Squire wrote:
Then if someone moves the posts there it would tidy it up.

It should mean higher food prices. This is a mixed blessing for Ireland but IMO generally good for the rural economy. It also means less disposable income and perhaps less consumer imports.

Food is a bit like oil growing, population and increasing demand will lead to increasing prices. Overall this will benifit Europe, and countries like Australia and the USA.

Another area that I think we need to be concern about is the decreasing genetic diversity of our crops.
Have you examples in mind? I've read that GM crops could be responsible for a phenomenon happening the bee population. Called 'Colony Collapse Disorder' - could be the first species we'll notice we've endangered with frankenflowers.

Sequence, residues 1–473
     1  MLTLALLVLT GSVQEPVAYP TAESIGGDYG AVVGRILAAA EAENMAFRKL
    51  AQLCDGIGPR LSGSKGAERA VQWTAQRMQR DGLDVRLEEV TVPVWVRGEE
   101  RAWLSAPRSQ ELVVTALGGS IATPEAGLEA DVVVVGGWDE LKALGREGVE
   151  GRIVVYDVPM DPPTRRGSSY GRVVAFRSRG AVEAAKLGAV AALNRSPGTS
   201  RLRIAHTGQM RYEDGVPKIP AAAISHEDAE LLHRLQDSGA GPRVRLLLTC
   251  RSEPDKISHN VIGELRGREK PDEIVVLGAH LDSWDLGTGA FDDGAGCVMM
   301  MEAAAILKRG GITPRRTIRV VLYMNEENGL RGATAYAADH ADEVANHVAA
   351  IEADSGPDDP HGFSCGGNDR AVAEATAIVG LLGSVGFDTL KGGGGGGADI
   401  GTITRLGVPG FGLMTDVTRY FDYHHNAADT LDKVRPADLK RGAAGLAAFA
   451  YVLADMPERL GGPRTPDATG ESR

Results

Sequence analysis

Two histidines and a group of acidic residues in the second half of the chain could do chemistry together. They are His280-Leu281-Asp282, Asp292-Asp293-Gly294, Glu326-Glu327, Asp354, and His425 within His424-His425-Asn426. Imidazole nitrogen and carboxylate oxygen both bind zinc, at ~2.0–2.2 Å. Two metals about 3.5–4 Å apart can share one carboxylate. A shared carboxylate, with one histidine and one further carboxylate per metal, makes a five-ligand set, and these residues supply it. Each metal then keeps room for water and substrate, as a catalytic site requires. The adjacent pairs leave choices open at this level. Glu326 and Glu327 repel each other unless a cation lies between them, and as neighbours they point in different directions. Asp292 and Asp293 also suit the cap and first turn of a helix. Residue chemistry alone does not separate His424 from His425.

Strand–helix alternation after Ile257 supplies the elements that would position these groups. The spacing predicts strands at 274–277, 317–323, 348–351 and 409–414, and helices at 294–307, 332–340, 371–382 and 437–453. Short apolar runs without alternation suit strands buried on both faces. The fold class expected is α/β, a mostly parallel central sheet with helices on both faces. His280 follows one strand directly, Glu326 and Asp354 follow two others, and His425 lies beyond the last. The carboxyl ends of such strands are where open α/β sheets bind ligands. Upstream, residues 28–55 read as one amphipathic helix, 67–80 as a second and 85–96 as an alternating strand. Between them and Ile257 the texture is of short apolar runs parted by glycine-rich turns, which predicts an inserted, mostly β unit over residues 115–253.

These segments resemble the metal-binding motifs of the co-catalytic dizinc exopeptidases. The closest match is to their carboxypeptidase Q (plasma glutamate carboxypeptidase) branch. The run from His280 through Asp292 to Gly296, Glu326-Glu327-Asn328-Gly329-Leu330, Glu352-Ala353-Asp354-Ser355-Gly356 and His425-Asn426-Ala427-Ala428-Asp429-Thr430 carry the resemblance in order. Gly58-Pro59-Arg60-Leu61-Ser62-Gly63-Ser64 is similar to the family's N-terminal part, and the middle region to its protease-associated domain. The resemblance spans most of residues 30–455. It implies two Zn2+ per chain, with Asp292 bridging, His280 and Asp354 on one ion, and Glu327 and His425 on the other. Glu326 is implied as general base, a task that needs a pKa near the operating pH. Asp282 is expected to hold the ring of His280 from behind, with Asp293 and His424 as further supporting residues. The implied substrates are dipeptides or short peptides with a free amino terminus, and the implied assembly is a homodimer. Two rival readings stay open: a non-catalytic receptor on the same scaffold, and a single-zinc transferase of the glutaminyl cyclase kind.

Expat Girl

I haven't noticed prices dropping dramatically as I often shop in Lidl and Aldi too. Some foods like cat food I've noticed has increased in price as has tea. Can't say anything I've noticed is dropping dramatically in price - milk prices rose over the past few years for example but maybe they've stabilised now.

According to the internet food association website, quoting the New York Times, SPAM (invented in the U.S. during the Great Depression) is on the comeback
http://internetfoodassociation.wordpress.com/author/benadler/

Quote :
“We’ve seen a double-digit increase in the sale of rice and beans,” said Teena Massingill, spokeswoman for the Safeway grocery chain, in an e-mail message. “They’re real belly fillers.”

Kraft Foods said recently that some of its value-oriented products like macaroni and cheese, Jell-O and Kool-Aid were experiencing robust growth. And sales are still growing, if not booming, for Velveeta, a Kraft product that bears the same passing resemblance to cheese as Spam bears to ham.